Meanwhile, others in government pledged to stand up to Trump's attempts to minimize or further bury this report. "No matter how hard they try, the Trump administration can't bury the effects of climate change in a Black Friday news dump --- effects their own federal government scientists have uncovered," Sen. Sheldon Whitehouse (D---RI) said in a statement. Others from the incoming "blue wave" of new elected officials echoed that sentiment.
Adapt or Die?
As to the actual content of the National Climate Assessment, the report, like the United National climate report issued earlier this year, says we must continue efforts to mitigate the release of greenhouse gases causing climate change and remove what's already there.
That won't be enough on its own, though, as the effects of the emissions we have already placed into the atmosphere will be felt for many years to come. "It is very likely that some physical and ecological impacts will be irreversible for thousands of years, while others will be permanent," the report warns. Those permanent risks include the extinction of species and irreversible damage to the land.
That's why a big section of the report is about adaptation --- the changes we'll need to make "at the individual, local, regional and national levels" in order to deal with the effects of climate change.
Some of those adaptations are relatively simple. For example, individuals in flood-prone areas can seal their basements, elevate their furnaces, water heaters and electric panels, and start to keep supplies of food, drinking water and candles.
Most others are much more complex and may require public-private partnerships to address the specific needs in each community, such as anticipating the future flow of water supplies for hydropower and irrigation. The report contains a framework for conducting these assessments by examining risk, allocating resources, and monitoring and adjusting efforts over time.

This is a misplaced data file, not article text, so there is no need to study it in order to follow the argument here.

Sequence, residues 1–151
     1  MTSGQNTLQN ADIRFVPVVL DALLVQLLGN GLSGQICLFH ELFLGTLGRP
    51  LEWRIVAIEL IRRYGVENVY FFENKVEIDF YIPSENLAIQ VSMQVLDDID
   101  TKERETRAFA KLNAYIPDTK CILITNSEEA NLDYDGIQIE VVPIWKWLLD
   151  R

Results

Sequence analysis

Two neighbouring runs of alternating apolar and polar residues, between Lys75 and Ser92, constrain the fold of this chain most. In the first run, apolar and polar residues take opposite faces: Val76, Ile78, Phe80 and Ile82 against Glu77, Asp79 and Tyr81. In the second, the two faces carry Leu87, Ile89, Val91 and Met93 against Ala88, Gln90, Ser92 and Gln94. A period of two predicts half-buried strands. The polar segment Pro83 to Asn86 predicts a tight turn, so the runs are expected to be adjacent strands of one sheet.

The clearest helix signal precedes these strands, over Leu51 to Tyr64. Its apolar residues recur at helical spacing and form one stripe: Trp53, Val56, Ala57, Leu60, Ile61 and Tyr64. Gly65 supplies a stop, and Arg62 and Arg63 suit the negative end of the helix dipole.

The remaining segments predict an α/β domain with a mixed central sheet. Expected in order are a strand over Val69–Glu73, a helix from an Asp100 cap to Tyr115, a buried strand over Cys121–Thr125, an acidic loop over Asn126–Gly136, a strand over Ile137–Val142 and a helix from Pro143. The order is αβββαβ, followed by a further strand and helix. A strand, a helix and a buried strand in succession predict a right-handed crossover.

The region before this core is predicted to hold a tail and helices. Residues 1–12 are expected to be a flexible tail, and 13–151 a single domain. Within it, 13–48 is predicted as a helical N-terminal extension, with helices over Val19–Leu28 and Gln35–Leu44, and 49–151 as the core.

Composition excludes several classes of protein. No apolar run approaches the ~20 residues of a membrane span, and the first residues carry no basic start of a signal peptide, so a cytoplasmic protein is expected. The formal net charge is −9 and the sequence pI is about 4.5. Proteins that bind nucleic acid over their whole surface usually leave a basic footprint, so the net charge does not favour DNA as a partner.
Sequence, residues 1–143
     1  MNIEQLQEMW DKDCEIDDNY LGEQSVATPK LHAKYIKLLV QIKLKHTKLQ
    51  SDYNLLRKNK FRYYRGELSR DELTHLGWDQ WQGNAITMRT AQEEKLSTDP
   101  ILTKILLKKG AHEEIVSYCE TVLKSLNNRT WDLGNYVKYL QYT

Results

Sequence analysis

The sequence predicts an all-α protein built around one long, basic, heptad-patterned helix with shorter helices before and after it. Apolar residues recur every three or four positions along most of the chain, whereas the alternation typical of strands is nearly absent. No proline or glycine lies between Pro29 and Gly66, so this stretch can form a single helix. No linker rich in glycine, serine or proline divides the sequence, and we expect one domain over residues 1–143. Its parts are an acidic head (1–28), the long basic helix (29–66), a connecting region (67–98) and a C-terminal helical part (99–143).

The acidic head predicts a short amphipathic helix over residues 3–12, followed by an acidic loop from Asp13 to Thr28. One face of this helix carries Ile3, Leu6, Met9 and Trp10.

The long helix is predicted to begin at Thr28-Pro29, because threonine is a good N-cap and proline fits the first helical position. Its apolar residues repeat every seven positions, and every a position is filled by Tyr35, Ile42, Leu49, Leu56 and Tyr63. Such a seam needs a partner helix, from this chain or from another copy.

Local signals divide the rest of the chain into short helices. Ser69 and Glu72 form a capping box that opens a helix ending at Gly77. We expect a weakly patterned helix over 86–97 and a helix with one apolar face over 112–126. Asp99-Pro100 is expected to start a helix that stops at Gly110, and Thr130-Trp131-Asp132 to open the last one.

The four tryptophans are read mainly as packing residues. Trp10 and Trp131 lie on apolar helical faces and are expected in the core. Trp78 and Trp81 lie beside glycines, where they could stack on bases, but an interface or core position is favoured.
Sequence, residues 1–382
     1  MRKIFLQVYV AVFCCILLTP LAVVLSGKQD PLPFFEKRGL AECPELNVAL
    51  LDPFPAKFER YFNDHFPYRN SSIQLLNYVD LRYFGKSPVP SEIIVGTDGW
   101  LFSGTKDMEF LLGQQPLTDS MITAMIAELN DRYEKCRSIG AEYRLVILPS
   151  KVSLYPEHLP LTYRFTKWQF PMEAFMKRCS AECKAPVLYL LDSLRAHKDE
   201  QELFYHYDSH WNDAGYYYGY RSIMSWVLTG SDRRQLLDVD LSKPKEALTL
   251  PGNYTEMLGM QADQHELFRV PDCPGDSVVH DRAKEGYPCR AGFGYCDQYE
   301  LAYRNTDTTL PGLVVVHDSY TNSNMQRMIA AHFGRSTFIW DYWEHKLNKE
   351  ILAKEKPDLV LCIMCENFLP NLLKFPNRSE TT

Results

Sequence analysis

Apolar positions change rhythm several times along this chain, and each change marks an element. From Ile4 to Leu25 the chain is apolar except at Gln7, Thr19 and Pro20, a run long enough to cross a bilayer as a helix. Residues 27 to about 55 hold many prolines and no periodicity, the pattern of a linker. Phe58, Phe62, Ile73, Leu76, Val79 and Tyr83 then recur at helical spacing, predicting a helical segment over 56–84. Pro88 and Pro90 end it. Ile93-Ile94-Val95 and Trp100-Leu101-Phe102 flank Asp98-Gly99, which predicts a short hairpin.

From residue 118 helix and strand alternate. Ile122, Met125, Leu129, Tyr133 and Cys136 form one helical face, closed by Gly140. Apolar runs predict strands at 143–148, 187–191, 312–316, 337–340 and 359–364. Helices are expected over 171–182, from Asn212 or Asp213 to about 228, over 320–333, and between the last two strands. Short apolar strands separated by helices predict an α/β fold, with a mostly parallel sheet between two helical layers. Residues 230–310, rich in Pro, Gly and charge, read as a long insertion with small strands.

Of course, many adaptation steps are already increasingly underway around the country, but the report warns that climate change is already outpacing them, putting too many communities behind the eight ball. Taking things to the next level will be costly, but the report says adaptation "can generate significant benefits in excess of its costs," including hard-to-quantify benefits "such as economic revitalization and other social benefits."
Many states and cities are already taking on the challenge of addressing climate change, but will the recommendations made in this report fall on deaf ears on the federal level? It seems unlikely that much mitigation or adaptation will take place under the current administration, which is already trying to discredit the report by saying, incorrectly, that it is based only on "the most extreme scenario." The report actually models the future based on all available scenarios, including the potential development of new sustainable technologies.
Even more telling: President Trump on Monday responded to questions about the report by saying "I don't believe it."
Regardless of the president's denial, what's obvious from this and numerous other reports and studies is that immediate action is necessary on all fronts if we hope to avoid both short-term and long-term disaster. As noted ocean conservationist Sylvia Earle put it last week, "The next 10 years will be the most important in the next 10,000 years in terms of shaping a future where humans can have a hope for an enduring place within the natural systems that keep us alive."